behold–Thialf, with a combined lifting capacity of over 14,000 tons!!  Click here to see the view down from Thialf’s deck AND be sure to read the comments that follow.   Here are a few other heavy-lifters including Saipem 7000.

0aaaarrt5THIALF, Calandkanaal-060

Heading back to NYC but as  the South Street Seaport Museum area of the sixth boro of NYC  looked in 1985, from a secret salt, it’s the 1939 USCGC WYT-93, Raritan!  The two vessels around her are, of course 1885 schooner Pioneer and 1908 lightship Ambrose.  Click here for a list of specifics and missions on Raritan, but one of her operations was against M/V Sarah of Radio NewYork International.  M/V Sarah was eventually blown up for a movie stunt.

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And rounding this post out . . . from Elizabeth, in Alameda, it’s  the 1943 YT-181 Mazapeta.

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In the distance is T-AKR-1001 GTS Admiral W. M. Callaghan, an MSC RORO named for a significant USN officer.

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Credit for each of these photos is as attributed.  Thanks to you all.

Here was 2.  Scroll through and you’ll see other posts I’ve done on the vessel in North America.  The photo below shows Half Moon under full sail off Boston earlier this month.

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Here on an AIS grab from yesterday, BigLift MV Traveller scooted across the North Sea from Scotland into the port at the mouth of the IJ River.

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If you scan the icons carefully here, you’ll see MV Traveller in port, near NG 10-Aqua Fauna.

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And here she is at the dock.  Click on the photo to get the original source and discussion in Dutch.  The headline translates as Half Moon has arrived in IJmuiden, the port at the mouth of the IJ River.  Click here and here for more photos.  I’ll translate the text later today when my head comes back above water.

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Click here and here for photos I took of tugs and other vessels on the IJ and other waterways in the Netherlands last year.   Here are some of my other IJmuiden and area photos.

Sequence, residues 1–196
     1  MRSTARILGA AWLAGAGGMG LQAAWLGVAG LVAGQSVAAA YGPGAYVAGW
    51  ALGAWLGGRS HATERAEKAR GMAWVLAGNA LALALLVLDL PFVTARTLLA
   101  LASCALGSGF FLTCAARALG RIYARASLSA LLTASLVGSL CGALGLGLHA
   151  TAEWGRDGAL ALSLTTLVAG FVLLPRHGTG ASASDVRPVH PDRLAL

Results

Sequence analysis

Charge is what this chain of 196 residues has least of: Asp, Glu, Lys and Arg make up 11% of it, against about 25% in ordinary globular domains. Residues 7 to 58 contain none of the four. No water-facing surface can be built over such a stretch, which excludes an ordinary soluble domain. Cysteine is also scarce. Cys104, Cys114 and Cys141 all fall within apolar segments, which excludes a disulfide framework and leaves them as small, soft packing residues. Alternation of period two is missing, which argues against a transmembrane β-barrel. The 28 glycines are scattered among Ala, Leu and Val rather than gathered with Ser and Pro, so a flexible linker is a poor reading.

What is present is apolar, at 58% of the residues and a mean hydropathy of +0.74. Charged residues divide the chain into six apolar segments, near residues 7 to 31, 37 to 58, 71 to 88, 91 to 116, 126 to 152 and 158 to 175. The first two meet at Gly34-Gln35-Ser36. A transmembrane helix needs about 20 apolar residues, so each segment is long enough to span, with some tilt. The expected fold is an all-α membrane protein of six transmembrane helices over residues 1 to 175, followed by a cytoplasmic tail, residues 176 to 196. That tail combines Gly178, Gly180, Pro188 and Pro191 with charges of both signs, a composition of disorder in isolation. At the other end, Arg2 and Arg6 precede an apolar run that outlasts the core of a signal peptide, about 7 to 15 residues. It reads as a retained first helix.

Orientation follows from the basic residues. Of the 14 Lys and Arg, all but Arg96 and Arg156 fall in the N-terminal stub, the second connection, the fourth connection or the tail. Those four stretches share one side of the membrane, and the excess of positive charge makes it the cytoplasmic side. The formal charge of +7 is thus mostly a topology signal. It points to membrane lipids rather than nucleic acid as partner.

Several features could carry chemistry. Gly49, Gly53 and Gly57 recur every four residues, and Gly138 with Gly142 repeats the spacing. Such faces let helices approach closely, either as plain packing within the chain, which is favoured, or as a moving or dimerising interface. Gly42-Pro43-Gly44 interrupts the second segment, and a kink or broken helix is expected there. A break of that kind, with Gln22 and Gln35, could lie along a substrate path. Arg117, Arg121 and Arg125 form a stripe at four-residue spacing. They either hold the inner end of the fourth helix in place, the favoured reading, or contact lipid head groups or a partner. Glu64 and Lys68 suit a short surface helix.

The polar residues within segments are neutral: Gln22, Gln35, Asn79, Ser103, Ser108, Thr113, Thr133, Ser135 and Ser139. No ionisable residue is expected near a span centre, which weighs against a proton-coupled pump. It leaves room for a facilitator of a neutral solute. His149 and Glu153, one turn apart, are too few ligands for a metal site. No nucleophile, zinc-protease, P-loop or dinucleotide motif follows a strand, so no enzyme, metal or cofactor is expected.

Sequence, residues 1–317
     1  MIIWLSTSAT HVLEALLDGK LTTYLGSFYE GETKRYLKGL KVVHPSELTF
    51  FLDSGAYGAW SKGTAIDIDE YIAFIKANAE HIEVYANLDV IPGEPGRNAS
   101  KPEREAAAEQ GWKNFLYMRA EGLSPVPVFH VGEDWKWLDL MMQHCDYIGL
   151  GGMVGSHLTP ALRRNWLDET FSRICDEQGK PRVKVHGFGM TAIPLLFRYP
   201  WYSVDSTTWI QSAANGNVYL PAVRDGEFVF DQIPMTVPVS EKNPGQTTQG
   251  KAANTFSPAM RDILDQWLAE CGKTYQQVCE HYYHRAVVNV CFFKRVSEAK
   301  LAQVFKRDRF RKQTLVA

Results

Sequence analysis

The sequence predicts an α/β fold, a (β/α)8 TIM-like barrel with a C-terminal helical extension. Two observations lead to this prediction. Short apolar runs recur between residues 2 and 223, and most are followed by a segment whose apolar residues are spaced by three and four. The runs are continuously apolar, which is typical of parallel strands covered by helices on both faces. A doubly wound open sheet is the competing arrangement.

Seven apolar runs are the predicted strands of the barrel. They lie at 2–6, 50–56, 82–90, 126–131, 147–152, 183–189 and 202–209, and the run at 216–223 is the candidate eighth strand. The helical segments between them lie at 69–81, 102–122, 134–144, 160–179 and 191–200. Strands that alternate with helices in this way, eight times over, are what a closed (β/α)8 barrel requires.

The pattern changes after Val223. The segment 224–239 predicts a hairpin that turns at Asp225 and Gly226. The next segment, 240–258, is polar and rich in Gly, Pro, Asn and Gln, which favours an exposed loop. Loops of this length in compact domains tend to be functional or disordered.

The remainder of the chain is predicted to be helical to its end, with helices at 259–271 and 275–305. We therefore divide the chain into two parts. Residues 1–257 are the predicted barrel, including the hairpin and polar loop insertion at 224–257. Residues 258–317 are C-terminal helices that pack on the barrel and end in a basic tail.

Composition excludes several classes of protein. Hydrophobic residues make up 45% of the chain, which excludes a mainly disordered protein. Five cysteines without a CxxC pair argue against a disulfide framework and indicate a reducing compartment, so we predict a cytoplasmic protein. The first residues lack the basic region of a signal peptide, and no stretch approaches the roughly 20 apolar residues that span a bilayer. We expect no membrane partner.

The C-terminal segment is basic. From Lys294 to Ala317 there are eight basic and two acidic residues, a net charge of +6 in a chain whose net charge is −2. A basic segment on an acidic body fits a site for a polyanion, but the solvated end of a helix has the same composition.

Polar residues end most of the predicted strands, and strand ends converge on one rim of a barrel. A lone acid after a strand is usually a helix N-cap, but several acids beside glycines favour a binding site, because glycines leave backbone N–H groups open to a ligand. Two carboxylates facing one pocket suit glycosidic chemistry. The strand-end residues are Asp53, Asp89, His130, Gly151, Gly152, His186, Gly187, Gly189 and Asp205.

Many thanks to Rene at binnenvaart for these arrival links.    The next and final step will be from IJmuiden to Hoorn.

Thanks to Mike Abegg for the photo of Half Moon under sail in North American waters less than a month ago.

The first two and last two photos here come thanks to John Jedrlinic . ..  aka Jed.  He took these of Marlin in Baltimore in late July 2009.

MARLIN

Has anyone heard of/seen it since it was sold foreign?

MARLIN

The next batch were taken in the Beerkanaal area seaward of Rotterdam in early March (I think) by Jan Oosterboer and sent via Rene Keuvelaar and Fred Trooster.  I’ll just list the names and embed more info:  Iskes Brent

0aaaarrt3BRENT, Beerkanaal-0143

Smit Panther with 1200′ CSCL South China Sea,

0aaaarrt4SMIT PANTHER, Beerkanaal-0092

Smit Ebro,

0aaaarrt5SMIT EBRO, Beerkanaal-085

Fairplay 24,

0aaaarrt6FAIRPLAY-24-, Beerkanaal-0051

SD Stingray with enhanced fire fighting gear,

0aaaarrt7SD STINGRAY, Beerkanaal-0030

Smit Cheetah,

0aaaarrt8SMIT CHEETAH, Beerkanaal-0019

Canadian built Svitzer Nabi and Nari,

0aaaarrt9SVITZER NARI en SVITZER NABI, Beerkanaal-0895

Smit Hudson

0aaaarrt10SMIT HUDSON en SVITZER NARI, Beerkanaal-0875

and SD Rebel.

0aaaarrt11SD REBEL, Beerkanaal-0810

Look at the palm trees.  Jed took this one of Fort Bragg last month in a place where northerners probably wished they were. . . .

FORT BRAGG

. .  and this one of Susan Moran in Norfolk in early June 2012.

SUSAN MORAN

Thanks to Jed, Jan, Rene, and Fred for these photos.

 

I was about to put up a different post–that’ll be for tomorrow–when Jonathan Steinman sent along these photos.  As I post this, tug Challenger is eastbound on the East River, approaching Hell Gate.  The question on Jonathan’s mind, as well as mine and maybe yours . . . what is that assemblage balanced on the barge?

For outatowners, this photo is taken from the east side of Manhattan, looking over Roosevelt Island in the direction of Queens.  The red-white chimneys are part of the Ravenswood #3 Generating Station aka Big Allis.  And against the sky to the far right, you can see the tops of the towers of the Queensboro Bridge, aka the groovy 59th Street Bridge.

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It looks somewhat like a floating dry dock door, but I’m inclined to guess that it’s a vessel component.

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Here are some previous quite unique photos sent along by Jonathan.   Jonathan . . . thanks much.

And here was Whatzit 24.

 

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Blue Marlin spent 600+ hours loading tugs and barges in NYC Sixth Boro. Click on image for presentation made to NY Ship Lore and Model Club, July 25, 2011.